Architecture is often included as one of the visual arts; however, like the decorative arts, or advertising, it involves the creation of objects where the practical considerations of use are essential—in a way that they usually are not in a painting, for example.
Music, theatre, film, dance, and other performing arts, as well as literature and other media such as interactive media, are included in a broader definition of art or the arts. Until the 17th century, art referred to any skill or mastery and was not differentiated from crafts or sciences.
In modern usage after the 17th century, where aesthetic considerations are paramount, the fine arts are separated and distinguished from acquired skills in general, such as the decorative or applied arts.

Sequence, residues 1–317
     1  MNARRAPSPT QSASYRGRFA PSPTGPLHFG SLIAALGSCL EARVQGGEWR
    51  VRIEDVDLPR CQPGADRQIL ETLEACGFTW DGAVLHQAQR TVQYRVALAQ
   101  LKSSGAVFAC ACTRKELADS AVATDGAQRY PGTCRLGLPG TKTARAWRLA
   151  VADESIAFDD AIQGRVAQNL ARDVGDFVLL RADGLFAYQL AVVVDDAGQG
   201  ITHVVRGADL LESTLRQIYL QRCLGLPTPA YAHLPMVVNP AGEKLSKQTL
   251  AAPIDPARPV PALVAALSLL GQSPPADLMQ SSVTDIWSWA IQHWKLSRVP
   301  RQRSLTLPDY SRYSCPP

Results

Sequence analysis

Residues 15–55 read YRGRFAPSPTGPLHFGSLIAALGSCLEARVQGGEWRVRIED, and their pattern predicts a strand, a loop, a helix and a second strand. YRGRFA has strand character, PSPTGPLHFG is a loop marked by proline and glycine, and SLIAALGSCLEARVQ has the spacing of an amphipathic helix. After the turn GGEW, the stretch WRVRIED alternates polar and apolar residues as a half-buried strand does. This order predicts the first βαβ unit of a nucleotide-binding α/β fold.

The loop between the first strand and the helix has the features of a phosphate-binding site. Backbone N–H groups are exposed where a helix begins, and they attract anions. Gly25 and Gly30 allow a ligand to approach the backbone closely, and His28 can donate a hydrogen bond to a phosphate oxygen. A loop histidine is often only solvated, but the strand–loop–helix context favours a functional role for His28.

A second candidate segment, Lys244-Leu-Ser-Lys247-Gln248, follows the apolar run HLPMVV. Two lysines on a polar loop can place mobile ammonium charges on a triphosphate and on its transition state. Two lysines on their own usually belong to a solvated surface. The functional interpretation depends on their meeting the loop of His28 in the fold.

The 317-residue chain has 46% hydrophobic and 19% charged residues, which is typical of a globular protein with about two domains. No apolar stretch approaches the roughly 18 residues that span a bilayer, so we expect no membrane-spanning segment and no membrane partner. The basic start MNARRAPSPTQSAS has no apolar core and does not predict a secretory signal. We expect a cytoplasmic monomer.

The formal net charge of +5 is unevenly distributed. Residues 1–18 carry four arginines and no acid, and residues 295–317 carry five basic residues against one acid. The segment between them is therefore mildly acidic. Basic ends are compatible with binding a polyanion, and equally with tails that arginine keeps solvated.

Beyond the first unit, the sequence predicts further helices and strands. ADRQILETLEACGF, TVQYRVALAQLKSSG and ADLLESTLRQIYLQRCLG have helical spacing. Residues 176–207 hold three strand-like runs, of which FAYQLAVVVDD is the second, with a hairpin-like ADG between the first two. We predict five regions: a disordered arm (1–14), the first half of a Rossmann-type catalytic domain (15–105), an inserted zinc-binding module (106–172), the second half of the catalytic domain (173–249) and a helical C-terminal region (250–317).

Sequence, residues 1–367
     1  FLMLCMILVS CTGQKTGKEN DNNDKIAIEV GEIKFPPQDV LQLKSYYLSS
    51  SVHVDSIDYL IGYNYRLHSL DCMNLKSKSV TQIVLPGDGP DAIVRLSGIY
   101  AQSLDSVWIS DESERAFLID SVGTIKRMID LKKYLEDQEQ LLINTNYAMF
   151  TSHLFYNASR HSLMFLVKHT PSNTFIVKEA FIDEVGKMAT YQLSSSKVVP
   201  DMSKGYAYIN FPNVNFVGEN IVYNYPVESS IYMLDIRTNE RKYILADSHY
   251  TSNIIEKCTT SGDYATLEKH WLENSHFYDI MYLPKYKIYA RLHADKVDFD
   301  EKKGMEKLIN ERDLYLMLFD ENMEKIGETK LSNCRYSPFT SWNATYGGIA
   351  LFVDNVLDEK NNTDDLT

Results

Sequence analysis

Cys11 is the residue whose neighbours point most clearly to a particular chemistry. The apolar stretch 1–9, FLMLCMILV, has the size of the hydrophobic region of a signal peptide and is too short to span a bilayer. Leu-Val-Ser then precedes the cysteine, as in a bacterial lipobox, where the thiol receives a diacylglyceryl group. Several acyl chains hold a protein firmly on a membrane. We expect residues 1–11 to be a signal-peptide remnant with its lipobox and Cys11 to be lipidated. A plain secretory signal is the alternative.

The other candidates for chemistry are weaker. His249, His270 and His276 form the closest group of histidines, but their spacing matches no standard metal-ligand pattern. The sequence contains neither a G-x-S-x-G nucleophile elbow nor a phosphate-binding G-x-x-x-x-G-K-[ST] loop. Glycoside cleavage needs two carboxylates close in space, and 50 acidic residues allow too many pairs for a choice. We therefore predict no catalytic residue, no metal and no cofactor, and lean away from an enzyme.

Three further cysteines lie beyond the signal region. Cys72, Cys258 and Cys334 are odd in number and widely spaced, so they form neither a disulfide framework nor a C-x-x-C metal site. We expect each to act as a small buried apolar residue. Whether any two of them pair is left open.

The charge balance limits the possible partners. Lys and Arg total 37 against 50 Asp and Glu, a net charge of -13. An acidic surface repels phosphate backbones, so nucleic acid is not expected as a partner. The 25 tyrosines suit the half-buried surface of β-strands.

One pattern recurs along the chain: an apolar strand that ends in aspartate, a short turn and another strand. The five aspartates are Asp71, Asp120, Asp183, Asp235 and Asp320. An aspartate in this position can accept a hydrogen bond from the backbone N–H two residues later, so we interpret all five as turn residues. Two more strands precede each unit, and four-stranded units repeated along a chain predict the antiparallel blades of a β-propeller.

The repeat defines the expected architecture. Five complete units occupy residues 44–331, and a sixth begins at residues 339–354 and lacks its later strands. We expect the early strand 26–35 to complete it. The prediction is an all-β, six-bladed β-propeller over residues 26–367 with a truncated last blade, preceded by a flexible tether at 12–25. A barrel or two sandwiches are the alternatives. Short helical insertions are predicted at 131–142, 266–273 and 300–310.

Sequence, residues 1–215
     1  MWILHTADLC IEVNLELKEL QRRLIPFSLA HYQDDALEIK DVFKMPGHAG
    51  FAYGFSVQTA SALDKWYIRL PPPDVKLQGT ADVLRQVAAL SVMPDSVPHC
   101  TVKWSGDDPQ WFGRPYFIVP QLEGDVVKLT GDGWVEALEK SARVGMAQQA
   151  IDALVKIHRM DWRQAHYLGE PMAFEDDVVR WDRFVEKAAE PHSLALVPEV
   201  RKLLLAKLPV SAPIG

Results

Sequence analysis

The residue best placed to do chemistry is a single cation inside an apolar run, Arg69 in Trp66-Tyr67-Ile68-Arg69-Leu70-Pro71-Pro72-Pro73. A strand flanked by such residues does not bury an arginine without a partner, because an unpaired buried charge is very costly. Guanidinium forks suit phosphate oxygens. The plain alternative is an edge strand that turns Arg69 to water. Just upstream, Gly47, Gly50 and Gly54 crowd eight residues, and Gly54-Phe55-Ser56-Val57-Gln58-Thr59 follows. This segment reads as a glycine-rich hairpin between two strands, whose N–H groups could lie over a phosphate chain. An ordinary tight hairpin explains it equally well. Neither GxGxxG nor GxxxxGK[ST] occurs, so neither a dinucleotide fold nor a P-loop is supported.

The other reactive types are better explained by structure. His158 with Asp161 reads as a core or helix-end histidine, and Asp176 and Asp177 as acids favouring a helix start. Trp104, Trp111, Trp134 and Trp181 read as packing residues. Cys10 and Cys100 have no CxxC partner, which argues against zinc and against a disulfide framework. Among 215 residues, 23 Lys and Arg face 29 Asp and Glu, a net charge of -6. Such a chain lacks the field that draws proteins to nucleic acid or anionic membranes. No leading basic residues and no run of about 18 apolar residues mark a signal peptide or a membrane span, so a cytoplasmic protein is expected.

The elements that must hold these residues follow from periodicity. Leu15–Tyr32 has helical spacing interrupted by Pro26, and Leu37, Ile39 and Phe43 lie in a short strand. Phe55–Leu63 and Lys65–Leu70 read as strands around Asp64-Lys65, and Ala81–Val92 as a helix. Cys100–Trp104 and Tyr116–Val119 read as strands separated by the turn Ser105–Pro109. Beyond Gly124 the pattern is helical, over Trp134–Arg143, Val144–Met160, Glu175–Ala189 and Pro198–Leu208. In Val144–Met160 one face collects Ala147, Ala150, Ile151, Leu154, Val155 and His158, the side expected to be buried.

Art may be characterized in terms of mimesis (its representation of reality), narrative (storytelling), expression, communication of emotion, or other qualities. During the Romantic period, art came to be seen as "a special faculty of the human mind to be classified with religion and science".
Though the definition of what constitutes art is disputed and has changed over time, general descriptions mention an idea of imaginative or technical skill stemming from human agency and creation.
The nature of art and related concepts, such as creativity and interpretation, are explored in a branch of philosophy known as aesthetics.